In Mirchpur, 60 kms from Hisar, the burned houses stand testimony to the horrible tale that the few Dalit families left in the village detail. “This trunk had clothes that were being stored for her (Suman’s) wedding; this used to be the special handicapped cycle she used; these are burned pages of her books and that hole in the roof is right over the place where we found her body,” says a villager. Each of the over 18 homes has walls blackened by smoke.

“We lost many valuable items — water-coolers, washing machines, televisions, refrigerators and motorcycles; all were doused with petrol and set on fire. They identified houses of the well-off among the Dalit community and set them on fire first. It was an attempt to burn down whatever prosperity they saw,” said a traumatized women whose home was also destroyed.

The Jats term the arson as “a shameful act done by misguided youth,” but the Dalits are convinced that it was a pre-planned attack to curb their prosperity and kill them.

Cases have been registered against policemen who were present at the scene of the incident and allegedly helped the guilty.

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trauma of a village- the honour killing tale

KAITHAL: Two days after five people were given the capital punishment by a court for the so-called honour-killing of a young couple here in Haryana, the family members of the victims are more tense than they are relieved. “The verdict has done justice to my son’s death, but it has not changed the way the village works,” says Chandrapati Berwal who fought the legal battle.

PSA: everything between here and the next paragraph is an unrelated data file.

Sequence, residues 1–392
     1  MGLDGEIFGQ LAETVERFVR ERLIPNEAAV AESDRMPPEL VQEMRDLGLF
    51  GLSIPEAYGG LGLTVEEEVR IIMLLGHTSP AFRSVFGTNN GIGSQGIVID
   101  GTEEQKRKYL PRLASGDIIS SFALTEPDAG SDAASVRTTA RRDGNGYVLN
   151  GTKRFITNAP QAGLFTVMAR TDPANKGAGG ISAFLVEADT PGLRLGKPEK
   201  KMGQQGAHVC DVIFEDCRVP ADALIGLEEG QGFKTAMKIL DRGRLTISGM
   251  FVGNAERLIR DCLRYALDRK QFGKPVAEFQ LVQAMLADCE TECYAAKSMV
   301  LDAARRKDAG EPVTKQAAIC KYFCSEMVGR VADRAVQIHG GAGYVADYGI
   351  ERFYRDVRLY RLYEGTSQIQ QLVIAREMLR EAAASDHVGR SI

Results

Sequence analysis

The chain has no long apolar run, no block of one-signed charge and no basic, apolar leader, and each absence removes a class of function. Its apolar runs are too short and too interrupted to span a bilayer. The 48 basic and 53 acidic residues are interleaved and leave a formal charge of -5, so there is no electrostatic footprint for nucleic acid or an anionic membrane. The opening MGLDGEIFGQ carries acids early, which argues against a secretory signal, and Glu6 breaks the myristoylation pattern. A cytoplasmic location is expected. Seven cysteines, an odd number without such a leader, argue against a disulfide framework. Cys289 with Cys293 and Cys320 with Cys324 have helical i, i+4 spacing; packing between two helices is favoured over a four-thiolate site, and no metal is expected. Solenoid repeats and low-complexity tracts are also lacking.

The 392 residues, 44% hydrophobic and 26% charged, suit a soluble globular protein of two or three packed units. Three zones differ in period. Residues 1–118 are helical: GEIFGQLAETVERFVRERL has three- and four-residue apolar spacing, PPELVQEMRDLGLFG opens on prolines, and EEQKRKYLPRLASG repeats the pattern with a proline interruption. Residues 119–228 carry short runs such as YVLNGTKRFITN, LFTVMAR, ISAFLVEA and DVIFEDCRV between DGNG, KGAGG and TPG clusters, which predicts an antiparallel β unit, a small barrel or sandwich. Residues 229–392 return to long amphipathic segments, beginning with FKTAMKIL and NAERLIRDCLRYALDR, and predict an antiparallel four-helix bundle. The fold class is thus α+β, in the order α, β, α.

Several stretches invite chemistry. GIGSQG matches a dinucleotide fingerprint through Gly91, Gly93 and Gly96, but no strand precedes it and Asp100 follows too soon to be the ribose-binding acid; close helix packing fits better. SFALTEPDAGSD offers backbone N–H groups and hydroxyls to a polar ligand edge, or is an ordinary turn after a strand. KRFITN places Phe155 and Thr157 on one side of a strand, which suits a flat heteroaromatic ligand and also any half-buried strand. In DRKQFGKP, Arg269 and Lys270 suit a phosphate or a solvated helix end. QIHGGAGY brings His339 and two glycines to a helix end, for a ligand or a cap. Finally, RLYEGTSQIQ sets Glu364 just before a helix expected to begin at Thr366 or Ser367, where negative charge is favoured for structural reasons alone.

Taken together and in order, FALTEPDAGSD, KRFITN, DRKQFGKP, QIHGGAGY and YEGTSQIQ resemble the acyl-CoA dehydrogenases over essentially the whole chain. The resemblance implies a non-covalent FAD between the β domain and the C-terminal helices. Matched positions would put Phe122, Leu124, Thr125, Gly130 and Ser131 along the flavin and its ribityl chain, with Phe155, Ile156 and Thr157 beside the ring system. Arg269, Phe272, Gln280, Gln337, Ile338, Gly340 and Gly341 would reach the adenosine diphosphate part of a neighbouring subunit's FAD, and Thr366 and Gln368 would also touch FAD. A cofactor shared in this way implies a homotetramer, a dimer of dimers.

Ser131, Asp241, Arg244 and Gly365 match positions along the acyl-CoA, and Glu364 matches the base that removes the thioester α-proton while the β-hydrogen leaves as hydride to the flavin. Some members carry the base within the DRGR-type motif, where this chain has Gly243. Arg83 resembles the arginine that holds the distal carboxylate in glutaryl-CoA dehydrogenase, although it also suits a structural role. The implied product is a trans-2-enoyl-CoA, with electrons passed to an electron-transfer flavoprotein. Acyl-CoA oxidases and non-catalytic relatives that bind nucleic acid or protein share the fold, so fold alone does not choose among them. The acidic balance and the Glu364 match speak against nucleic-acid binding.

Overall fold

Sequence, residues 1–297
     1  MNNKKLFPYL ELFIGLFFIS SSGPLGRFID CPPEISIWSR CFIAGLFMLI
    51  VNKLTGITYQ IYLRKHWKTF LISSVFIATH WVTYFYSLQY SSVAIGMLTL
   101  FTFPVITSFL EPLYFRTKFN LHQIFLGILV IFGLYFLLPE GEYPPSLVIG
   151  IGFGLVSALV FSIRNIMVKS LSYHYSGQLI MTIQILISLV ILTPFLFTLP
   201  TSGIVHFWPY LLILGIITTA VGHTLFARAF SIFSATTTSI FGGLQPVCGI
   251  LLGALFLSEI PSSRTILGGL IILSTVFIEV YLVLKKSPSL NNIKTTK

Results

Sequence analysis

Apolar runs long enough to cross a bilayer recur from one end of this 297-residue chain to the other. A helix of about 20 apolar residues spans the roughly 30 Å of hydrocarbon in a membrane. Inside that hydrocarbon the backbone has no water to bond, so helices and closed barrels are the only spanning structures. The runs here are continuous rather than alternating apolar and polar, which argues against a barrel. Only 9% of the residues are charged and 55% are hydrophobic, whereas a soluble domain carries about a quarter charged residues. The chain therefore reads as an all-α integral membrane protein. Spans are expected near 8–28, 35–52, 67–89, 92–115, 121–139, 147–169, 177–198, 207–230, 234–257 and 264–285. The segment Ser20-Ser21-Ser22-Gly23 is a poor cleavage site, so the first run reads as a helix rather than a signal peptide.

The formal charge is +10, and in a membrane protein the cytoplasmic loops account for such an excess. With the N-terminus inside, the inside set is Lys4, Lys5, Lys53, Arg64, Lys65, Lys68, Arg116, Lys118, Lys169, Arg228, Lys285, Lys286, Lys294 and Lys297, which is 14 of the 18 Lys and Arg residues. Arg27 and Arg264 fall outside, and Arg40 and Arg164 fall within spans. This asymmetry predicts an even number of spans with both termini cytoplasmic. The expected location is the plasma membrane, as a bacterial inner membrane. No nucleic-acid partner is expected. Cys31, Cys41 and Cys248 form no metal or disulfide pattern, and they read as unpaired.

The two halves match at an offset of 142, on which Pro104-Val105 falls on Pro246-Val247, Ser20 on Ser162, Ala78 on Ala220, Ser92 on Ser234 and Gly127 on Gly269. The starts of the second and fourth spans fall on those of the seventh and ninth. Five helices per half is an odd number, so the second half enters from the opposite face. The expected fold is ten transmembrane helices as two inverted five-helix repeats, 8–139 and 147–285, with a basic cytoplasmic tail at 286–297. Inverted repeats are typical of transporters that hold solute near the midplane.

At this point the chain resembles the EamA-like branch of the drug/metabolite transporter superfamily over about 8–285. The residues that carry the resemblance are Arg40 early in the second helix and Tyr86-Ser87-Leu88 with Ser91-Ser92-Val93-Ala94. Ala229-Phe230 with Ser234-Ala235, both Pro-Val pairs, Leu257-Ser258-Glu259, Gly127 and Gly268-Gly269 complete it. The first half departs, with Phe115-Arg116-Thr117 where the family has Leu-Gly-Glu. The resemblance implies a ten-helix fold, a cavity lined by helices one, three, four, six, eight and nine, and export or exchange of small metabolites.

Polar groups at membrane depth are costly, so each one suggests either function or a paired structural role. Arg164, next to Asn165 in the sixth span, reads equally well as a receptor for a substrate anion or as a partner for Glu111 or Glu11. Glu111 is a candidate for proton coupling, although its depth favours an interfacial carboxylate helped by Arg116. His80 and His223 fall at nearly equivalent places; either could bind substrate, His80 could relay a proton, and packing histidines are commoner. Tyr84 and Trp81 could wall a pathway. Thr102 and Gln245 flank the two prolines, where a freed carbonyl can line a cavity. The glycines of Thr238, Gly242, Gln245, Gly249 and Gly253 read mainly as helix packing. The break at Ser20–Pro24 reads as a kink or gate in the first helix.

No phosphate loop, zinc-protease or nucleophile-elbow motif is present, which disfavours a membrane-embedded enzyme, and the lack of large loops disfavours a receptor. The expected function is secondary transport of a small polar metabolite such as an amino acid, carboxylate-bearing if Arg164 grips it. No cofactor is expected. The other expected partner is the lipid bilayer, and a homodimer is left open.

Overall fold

She is the mother of Manoj, who along with Babli was murdered three years ago by Babli’s relatives on the orders of a ‘khap panchayat’ for having married within the same gotra. But Tuesday’s landmark verdict seems to have made little difference to the minds of the votaries of the system of ‘khap panchayats’, which are caste-based.

“The panchayat only intended to bring about a moral balance and inculcate honour in youngsters, although its method was perhaps a bit too harsh,” said a resident of the village, who refused to reveal his name. Asked about the verdict, he said: “The panchayat killed two persons and the court will kill five. At the end of it all the village has lost seven lives. I don’t see justice in any of the verdicts.”